Due to this substantial amount of evidence and an unclear association between MDD and IgG hyperreactivity, we decided to compare levels of IgG antibodies against food between IBS, MDD patients and healthy controls.
The results of our study indicate differences between the examined groups in the proportion of people whose total IgG values exceeded the cut off level (>7.5 µg/mL). Unusually, most cases of hyperreactivity were found in MDD (64%) group and the least number in HC (19%) group. As revealed by the post-hoc comparisons of the paired groups, total IgG in the examined groups showed differences between MDD patients and healthy controls, no such dissimilarity was found between the IBS group and HC group. It was the application of ex-Gaussian modelling (due to substantially skewed data with increased exponential part of distribution) that revealed differences in tau (τ) (which displays the extremes in IgG results) between MDD and HC groups and also between the IBS and HC groups.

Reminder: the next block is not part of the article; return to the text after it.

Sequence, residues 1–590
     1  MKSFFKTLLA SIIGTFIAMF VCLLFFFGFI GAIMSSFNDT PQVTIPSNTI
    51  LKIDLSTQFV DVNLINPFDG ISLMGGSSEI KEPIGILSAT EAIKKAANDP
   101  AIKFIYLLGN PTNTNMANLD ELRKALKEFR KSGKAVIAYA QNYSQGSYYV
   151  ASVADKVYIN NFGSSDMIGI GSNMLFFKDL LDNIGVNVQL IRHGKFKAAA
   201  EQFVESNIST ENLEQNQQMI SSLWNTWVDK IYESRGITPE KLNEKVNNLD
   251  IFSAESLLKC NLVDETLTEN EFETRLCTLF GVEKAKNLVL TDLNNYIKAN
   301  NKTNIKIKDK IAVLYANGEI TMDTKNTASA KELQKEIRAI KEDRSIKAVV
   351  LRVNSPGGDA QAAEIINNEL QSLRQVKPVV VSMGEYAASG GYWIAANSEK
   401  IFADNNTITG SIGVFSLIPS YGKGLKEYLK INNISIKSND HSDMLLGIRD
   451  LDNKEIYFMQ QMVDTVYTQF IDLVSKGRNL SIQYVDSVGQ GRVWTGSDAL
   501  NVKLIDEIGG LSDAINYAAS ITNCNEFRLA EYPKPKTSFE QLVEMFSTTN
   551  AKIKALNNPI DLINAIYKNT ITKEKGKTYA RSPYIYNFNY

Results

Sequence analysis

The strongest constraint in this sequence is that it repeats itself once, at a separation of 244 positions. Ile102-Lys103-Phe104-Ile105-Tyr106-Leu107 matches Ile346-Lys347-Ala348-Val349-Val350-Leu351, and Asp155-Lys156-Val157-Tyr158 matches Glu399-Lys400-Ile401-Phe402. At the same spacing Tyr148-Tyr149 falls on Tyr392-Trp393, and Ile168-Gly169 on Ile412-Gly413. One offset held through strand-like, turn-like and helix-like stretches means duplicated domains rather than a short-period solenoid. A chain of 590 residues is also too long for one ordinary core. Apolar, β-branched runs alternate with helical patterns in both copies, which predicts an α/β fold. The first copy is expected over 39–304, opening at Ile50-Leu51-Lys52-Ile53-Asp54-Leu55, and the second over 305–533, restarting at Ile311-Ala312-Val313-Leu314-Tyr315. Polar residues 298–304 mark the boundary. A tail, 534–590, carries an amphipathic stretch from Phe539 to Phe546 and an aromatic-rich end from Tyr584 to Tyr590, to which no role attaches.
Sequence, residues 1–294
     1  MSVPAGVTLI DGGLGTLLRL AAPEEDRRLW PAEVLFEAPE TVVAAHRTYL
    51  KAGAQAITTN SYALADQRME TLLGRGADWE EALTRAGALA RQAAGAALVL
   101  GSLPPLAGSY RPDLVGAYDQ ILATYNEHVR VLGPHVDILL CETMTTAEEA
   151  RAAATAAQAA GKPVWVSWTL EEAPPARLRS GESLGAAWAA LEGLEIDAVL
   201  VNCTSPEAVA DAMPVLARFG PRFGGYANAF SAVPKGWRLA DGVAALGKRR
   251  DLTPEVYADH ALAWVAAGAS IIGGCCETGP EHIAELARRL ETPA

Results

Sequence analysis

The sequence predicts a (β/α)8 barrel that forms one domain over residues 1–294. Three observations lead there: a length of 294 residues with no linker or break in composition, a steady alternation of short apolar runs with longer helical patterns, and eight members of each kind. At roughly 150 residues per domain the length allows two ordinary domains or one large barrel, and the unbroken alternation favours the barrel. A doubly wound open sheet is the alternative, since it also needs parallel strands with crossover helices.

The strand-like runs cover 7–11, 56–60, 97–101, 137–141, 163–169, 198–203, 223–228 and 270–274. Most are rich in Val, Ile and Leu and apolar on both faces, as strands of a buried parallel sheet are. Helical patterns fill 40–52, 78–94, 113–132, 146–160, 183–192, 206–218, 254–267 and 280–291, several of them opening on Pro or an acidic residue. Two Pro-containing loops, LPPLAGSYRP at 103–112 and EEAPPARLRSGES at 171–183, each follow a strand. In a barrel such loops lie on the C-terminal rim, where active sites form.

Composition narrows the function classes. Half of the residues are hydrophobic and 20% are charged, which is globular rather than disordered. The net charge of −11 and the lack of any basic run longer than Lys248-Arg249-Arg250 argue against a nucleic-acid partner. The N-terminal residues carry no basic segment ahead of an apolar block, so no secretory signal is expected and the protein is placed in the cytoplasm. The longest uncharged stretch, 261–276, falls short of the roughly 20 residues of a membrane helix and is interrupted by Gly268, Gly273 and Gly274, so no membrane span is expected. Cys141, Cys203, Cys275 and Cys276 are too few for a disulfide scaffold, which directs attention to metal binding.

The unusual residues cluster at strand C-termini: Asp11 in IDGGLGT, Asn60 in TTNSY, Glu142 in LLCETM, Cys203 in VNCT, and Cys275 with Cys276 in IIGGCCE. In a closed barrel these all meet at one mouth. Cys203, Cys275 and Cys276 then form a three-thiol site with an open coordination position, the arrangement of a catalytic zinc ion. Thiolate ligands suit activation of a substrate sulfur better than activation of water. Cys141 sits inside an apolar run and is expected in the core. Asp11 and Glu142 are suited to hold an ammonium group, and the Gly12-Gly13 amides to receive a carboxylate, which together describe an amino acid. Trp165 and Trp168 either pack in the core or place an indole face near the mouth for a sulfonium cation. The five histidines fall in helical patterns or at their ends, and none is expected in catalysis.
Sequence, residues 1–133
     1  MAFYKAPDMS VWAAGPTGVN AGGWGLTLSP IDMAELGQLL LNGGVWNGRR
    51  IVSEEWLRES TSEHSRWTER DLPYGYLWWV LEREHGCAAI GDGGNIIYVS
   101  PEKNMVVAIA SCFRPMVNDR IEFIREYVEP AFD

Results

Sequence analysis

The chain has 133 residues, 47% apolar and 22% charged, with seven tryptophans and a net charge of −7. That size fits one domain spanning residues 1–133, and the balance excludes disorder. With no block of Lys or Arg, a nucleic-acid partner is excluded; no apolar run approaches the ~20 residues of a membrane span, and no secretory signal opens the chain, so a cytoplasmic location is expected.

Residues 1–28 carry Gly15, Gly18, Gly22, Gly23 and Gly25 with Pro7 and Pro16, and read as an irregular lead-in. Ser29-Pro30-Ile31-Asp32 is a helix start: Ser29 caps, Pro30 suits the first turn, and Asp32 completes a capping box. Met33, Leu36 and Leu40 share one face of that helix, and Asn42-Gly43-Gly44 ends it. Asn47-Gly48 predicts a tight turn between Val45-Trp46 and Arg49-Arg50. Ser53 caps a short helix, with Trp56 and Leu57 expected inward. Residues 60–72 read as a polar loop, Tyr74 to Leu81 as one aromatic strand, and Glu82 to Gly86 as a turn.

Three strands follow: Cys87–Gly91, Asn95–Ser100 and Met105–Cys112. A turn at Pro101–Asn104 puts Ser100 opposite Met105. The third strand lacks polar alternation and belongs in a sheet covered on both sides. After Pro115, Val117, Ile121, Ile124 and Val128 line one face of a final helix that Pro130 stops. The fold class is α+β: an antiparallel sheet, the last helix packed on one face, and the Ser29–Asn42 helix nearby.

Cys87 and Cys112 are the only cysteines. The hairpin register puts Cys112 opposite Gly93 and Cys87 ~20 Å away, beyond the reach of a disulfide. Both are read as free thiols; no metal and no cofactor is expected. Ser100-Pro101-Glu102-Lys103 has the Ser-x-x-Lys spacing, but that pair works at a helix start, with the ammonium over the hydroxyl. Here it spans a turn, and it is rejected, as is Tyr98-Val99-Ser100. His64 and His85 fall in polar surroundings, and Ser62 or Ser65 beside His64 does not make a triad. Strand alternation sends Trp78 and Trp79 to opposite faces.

Further analysis demonstrated the presence of many distinctions in individual levels of IgG depending on the type of illness. There were differences in levels of IgG against celery, garlic and gluten between MDD and HC groups and levels of IgG against gluten between the IBS and MDD groups.
Our results indicate a dissimilarity in the immune response to food antigens among the three studied groups, surprisingly, with the highest immunoreactivity in patients suffering from MDD compared with healthy controls. A possible mechanism of the phenomenon remains obscure.
On the one hand, a possible cause of the hyperreactivity among patients with MDD may be disruption of gut-microbiome-brain axis, which is related to low-grade inflammation occurring peripherally and in the CNS [19